Short Wave Craft Magazine, June 1936

"Short Waves Direct You Home!"

Lost in your canoe on a remote lake? No problem! Find your way home with a short wave transmitter and receiver like the one shown in June, 1936 Short Wave Craft.

Well, maybe. This is another in the parade of ideas for ingenious, if not very practical, uses for shortwave radio, championed by Hugo Gernsback, publisher of Short Wave Craft and similar magazines.

The cover article lays out an elaborate scheme. The canoeist has a portable transceiver like the one in the painting. On becoming lost, he calls the home station on shore. Then, two assistants, located some distance from each other, use receivers with directive antennas "such as the new rotating beam aerials" to plot the canoe's location on a map of the lake. Following directions from the assistants, our adventurer can use his compass to find the way back.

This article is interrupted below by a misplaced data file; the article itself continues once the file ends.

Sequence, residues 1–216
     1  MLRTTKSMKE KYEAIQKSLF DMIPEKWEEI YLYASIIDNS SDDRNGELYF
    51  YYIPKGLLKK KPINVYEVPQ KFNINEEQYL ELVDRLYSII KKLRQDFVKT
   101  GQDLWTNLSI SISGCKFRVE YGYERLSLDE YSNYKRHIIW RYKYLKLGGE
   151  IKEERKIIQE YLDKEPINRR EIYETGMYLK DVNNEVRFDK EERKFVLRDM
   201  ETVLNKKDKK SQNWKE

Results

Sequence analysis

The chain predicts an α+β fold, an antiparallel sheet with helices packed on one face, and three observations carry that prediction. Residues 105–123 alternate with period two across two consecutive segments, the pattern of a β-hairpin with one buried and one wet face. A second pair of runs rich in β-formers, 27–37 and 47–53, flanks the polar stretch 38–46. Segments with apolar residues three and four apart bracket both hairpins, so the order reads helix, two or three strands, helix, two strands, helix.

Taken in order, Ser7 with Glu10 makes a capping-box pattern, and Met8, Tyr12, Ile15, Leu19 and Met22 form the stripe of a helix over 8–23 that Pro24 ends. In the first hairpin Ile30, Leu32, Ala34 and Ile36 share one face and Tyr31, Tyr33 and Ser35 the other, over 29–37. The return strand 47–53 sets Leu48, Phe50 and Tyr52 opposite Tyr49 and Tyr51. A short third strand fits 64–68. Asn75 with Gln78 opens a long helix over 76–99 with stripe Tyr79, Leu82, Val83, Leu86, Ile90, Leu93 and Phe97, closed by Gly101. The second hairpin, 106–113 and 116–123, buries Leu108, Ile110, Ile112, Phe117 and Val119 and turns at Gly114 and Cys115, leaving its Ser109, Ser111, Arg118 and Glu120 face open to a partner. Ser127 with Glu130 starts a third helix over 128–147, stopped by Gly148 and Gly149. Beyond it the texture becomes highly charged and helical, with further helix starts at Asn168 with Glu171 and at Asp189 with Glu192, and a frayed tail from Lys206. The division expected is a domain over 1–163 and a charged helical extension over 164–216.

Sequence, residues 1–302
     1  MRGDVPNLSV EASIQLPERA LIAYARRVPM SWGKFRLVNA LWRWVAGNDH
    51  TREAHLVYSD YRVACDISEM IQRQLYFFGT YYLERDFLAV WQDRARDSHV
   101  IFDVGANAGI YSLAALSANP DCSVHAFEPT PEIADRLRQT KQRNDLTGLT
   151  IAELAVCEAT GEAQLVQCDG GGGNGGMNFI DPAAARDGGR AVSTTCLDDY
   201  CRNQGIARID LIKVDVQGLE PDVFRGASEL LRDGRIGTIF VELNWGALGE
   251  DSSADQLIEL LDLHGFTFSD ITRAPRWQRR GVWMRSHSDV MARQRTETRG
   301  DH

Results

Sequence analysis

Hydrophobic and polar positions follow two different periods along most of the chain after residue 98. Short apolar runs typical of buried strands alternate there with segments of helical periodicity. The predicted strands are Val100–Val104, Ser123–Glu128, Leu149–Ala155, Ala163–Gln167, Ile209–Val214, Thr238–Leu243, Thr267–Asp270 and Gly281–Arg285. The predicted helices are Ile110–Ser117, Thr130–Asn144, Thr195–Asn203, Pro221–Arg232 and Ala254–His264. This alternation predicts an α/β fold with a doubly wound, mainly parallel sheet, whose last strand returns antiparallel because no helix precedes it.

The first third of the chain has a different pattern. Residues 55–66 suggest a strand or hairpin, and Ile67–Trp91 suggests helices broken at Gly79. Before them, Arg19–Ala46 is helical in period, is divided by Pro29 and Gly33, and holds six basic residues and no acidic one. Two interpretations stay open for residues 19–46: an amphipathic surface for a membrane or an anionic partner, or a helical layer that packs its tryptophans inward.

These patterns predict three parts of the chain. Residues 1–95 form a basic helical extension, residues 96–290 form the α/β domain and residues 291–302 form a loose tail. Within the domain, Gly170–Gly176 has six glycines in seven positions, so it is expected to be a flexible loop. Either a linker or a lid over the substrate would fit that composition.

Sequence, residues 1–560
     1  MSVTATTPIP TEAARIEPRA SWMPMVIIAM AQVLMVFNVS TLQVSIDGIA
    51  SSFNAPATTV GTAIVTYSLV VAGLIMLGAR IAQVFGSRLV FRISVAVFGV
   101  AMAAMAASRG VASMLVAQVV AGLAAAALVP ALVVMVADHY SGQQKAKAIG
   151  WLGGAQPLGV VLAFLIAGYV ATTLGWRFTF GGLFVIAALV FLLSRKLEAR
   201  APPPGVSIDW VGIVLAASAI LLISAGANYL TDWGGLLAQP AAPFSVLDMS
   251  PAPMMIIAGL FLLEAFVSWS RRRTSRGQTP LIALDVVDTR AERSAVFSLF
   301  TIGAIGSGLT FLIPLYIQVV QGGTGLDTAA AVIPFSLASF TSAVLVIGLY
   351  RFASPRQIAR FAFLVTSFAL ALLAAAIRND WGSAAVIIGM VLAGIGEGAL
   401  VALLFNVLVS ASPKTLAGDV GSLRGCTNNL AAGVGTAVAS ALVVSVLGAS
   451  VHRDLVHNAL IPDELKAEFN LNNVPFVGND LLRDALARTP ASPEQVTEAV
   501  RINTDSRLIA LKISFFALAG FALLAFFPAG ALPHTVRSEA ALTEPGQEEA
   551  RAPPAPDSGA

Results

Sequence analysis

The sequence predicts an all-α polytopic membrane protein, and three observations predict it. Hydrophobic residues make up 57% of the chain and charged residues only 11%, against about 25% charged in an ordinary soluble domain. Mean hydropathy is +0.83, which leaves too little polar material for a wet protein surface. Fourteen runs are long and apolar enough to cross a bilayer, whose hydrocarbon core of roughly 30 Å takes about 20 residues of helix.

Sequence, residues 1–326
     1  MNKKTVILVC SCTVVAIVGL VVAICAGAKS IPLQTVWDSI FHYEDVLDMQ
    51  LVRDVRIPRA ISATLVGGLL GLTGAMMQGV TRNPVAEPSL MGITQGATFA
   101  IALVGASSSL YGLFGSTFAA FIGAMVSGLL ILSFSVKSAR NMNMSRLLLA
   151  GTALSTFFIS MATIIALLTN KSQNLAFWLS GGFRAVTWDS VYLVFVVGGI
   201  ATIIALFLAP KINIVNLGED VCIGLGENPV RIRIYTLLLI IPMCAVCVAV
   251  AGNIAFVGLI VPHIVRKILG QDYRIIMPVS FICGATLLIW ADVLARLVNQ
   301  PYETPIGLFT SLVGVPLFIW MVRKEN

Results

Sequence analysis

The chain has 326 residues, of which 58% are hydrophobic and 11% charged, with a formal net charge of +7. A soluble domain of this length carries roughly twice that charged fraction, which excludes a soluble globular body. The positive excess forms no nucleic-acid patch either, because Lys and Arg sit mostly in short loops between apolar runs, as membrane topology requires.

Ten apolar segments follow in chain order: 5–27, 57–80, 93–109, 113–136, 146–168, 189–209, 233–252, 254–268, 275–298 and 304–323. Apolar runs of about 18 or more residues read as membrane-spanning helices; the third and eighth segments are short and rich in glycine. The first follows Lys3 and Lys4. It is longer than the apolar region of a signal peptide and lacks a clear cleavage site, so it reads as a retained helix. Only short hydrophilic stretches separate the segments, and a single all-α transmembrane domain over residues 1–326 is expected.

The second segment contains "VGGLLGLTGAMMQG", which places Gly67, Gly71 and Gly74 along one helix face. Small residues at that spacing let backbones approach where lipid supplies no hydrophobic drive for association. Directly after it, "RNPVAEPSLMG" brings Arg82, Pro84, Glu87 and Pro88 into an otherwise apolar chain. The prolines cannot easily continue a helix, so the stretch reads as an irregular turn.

Of course, the canoeist could simply have brought along a map in the first place, but that wouldn't have made a very interesting magazine cover!

In a more down to earth vein, another article describes how a network of shortwave transmitters would broadcast reports of a sailboat race around Long Island, New York, using transmitters located on cars and boats.

The cover of Short Wave & Television for February, 1937 shows another novel use for shortwave. A sports announcer broadcasts the progress of a race while riding in a speeding iceboat!

©1995-2023 Philip I. Nelson, all rights reserved